105年第1學期-0164 西洋文化史（一） 課程資訊
|Midterm exam||40||Closed book exam: definition, identification, and short answer questions|
|Final exam||40||Closed book exam: definition, identification, and short answer questions|
|End of semester writing assignment||20||Take home writing assignment|
The course aims to:
1. introduce students to the history of Western civilization and help them build a foundation for their studies in the English Majors Program; this means that we survey key historical figures and concepts which are likely to be referred to in various courses in the department (e.g. King David, Socrates, Julius Caesar, Martin Luther, chivalry, the Renaissance, the industrial revolution, Napoleon, etc.)
2. familiarize students with key cultural concepts and vocabulary and increase their verbal and culturl literacy. Examples of key concepts are: artifact, mainstream culture, marginal culture, ideology, taboo, gender, monotheism, etc.
3. foster critical thought regarding value systems and ideologies and engage students in debtes regarding, e.g., gender roles, class, government, etc.This course will use a task-based approach to learning. The instructor will prepare short reading materials, visual materials, and PPT presentations from week to week for students to research. These materials will be discussed in class and sometimes the discussions will be conducted by small groups. In addition, there will be lists of keywords for students to research individually or in groups. All learning materials will be posted on the Moodle page.
The course introduces the History of Western Civilization from its origins in the Ancient Near East and the Greek and Roman world to approximately the age of the Industrial Revolution. The course will emphasize a pedagogical approach that is best suited to Chinese students of Western languages and literatures: The Hebrew tradition; the development of the Greek and Roman cultures; Christianity; the evolution of the Indo-European languages; European contacts with the East; Western concepts of self, other, home, identity, family, nation, state, and justice, divinity, etc. The Spring semester takes up with the early Middle Ages, and continues to the Industrial Revolution and the modern world.
Office HourMonday: 12:15 to 1 PM; Friday: 8.10-9 AM; and by appointment. Office B on FLLD 3rd Floor Office telephone: 04/2359-0253 Ext. 31220
The instructor will make available reading assignments from week to week; these assignments will be public domain/fair use materials and will be posted on the Moodle page for this course.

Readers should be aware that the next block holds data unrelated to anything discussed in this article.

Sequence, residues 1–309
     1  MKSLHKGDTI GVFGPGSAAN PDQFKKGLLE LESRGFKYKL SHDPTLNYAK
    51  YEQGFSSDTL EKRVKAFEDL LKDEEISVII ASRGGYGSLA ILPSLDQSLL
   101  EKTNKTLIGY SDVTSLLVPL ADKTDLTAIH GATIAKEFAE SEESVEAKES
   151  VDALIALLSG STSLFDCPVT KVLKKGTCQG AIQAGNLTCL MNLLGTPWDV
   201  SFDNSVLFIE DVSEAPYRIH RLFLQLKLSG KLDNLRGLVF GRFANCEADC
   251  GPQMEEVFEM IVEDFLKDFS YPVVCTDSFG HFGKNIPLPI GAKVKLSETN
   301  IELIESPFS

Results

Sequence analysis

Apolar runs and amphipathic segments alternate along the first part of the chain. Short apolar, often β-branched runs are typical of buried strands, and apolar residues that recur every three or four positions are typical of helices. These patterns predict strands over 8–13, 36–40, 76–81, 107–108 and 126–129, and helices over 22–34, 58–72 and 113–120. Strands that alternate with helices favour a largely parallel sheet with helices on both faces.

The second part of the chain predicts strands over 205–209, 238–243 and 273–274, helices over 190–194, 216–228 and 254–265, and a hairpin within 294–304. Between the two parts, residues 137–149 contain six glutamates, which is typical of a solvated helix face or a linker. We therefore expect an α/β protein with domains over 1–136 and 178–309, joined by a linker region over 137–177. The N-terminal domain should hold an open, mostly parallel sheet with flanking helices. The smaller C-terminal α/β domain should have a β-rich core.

A wide range of additional sources and learning materials can be consulted online and in the Tunghai Library.
The Encyclopedia Britannica is the standard encyclopedia in the English speaking world and can be consulted both in the Tunghai Main Library and the FLLD Reading Room (FLLD 3rd Floor).
The following Western Civilization textbooks are highly recommended; copies are on reserve in the FLLD Reading Room and the Tunghai Library.
Marvin Perry: Western Civilization: A Brief History (6th ed.)
Judith G. Coffin: Western Civilizations: Their History and Their Culture
Jackson J. Spielvogel: Western Civilization: A Brief History
Many other encyclopedias and books are available in the Tunghai Library.
Excellent study resources can also be consulted online. iTunes University (hosted by Apple iTunes), e.g., has many excellent audio and video podcasts on Mesoptamian civilization, Greek mythology, Homer, Roman civilization, the history of Western art, etc.; many of these resources are free.
Other useful online materials can be found on the BBC history page (http://www.bbc.co.uk/ history/), the website of the Smithsonian Museum (http://www.si.edu/) and many other websites.
Wikipedia articles can be useful, but it must be noted that the open format of Wikipedia makes it possible for non-specialists to write and/or edit Wikipedia entries. This occasionally results in incorrect and incomplete information and Wikipedia entries, therefore, are generally not considered authoritative.
The instructor will make use of xeroxed materials, films, iTunes U podcasts and Powerpoint presentations in class.